Bear in mind that a conventional scissors jack's lifting capacity increases as the jack extends, because the mechanical advantage increases.

You may find that it's better to jack the trailer frame rather than try to jack under the axle, and many recommend that you NOT jack under the axle. But jacking from the frame requires a long lift to overcome the suspension drop. Your stabilizer jack and tongue jack pads/blocks will be handy for this purpose. The only time I changed a tire was in my driveway using a floor jack under the torsion axle tube. I saw no damage to the tube.

Unlike jacking under a TV axle where your jack head has good purchase up against other "hard" parts, your trailer frame may become increasingly unlevel as you lift. This raises the possibility of the jack head slipping as you lift. Be very cautious to avoid this possibility.
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Old 12-21-2017, 01:59 PM   #7
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Buy one of these

Way safer than a bottle jack. Very light and can lift your Rpod easily.
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Old 12-21-2017, 05:20 PM   #8
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Originally Posted by rockfordroo View Post
Also make sure you've got the appropriate lug nut tools.
After a bad blowout, there were two tools that became indispensable, neither of which I had.

1: A break bar. This is a long handle for a socket. Wheel nuts on trailers and vans are notoriously over-tight. My supplied wrench had no hope of breaking the tension.

2: An angle grinder, with a cutting wheel. The only way the tire could be unraveled from the rim and mess of wires that it tangled was to cut it into pieces. This of course is something few of us would consider having in our travelling tool box.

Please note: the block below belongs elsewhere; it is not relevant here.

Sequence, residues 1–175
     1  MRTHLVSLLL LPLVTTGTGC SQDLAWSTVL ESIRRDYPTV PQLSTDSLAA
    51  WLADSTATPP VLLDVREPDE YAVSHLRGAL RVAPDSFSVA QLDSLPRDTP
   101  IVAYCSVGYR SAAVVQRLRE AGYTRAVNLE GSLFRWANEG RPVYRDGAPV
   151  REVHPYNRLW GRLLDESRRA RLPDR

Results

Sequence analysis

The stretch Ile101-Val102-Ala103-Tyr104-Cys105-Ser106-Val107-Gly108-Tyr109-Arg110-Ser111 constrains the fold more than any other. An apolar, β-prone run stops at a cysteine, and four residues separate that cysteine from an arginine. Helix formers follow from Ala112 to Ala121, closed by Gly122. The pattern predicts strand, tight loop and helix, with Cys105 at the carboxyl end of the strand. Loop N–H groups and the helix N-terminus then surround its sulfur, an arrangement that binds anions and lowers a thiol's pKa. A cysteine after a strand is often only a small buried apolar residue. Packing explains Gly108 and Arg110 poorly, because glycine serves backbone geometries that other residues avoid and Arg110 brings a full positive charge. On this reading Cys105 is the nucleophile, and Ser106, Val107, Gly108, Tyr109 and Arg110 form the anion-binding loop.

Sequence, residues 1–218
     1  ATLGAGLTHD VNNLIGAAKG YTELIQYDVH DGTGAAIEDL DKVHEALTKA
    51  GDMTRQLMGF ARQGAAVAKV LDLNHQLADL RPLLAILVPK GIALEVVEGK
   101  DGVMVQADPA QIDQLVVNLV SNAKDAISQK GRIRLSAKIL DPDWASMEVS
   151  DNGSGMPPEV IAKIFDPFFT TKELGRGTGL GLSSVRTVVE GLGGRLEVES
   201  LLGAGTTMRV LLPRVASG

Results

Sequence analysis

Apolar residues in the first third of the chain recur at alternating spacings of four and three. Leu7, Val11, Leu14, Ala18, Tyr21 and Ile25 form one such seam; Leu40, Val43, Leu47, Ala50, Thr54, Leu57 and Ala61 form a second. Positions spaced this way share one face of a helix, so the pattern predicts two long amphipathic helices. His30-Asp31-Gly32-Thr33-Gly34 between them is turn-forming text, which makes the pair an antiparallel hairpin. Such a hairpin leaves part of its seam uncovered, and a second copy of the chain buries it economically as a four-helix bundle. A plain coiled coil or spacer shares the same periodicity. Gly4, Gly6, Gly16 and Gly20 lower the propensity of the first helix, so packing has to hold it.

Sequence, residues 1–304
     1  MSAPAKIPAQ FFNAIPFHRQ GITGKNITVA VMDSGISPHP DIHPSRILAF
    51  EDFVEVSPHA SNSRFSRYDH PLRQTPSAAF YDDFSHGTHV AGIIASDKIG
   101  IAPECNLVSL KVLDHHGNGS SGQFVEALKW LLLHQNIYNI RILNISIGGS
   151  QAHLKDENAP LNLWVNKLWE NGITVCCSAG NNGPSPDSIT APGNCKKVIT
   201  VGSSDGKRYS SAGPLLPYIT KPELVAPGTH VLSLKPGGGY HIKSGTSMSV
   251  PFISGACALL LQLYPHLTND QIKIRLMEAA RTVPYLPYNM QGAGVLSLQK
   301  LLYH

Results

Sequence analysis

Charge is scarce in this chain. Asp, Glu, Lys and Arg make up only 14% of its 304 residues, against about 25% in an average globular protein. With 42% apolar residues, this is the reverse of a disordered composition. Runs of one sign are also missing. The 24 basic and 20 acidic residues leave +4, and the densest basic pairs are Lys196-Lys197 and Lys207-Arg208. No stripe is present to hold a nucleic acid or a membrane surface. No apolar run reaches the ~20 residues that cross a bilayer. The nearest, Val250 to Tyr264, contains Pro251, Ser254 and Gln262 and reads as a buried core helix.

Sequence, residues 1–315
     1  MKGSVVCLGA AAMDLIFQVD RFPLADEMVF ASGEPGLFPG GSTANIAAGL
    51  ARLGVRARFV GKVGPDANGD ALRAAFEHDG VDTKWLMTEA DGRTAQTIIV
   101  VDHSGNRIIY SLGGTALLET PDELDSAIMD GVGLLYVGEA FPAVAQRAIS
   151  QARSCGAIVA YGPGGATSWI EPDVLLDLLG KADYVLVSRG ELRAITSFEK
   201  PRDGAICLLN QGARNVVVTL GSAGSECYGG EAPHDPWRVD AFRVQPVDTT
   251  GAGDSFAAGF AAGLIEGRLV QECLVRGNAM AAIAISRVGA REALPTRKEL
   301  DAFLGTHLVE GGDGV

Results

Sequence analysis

As the pics show, this was a nasty one. I saw the actual moment the tire blew because I just happen to glance at my rear-view mirror when a great puff of smoke exploded from the wheel. The incident happened on a curving, cambered, narrow section of highway, with vehicles travelling at 110km/hr. Cars and trucks of all sizes were screaming past me just inches from my head as I lay on the ground trying to undo the nuts and free up the tangle of wires the rubber had ripped out.

We had put highway breakdown warning markers down the road but they were being ignored. I was fearful for my life, so I had the wife go further down the road with a light-grey fold-up table to see if that would be more visible. The wind from the traffic practically blew her off the road and over the Arnco steel safety barrier.

Our saving grace was a construction ute heading in the other direction. The guy stopped, came over and inspected the mess, drove down the road until he could find a suitable place to turn around, (he took so long I thought he had just kept going), then dropped off warning signs along the road as he came back.

He fired up the generator/compressor combo, whipped out the air tools, got the nuts loose and then used the angle grinder to cut away the rubber. He accepted nothing but our thanks and drove off into the sunset, as it nearly was. We had planned to head west to Longreach but because of the extent of the damage had to go east Rockhampton to see if we could get some repairs done, which we did. New rims, up from 15" to 16" and new light truck tires all round, inc spare, but that part is another story.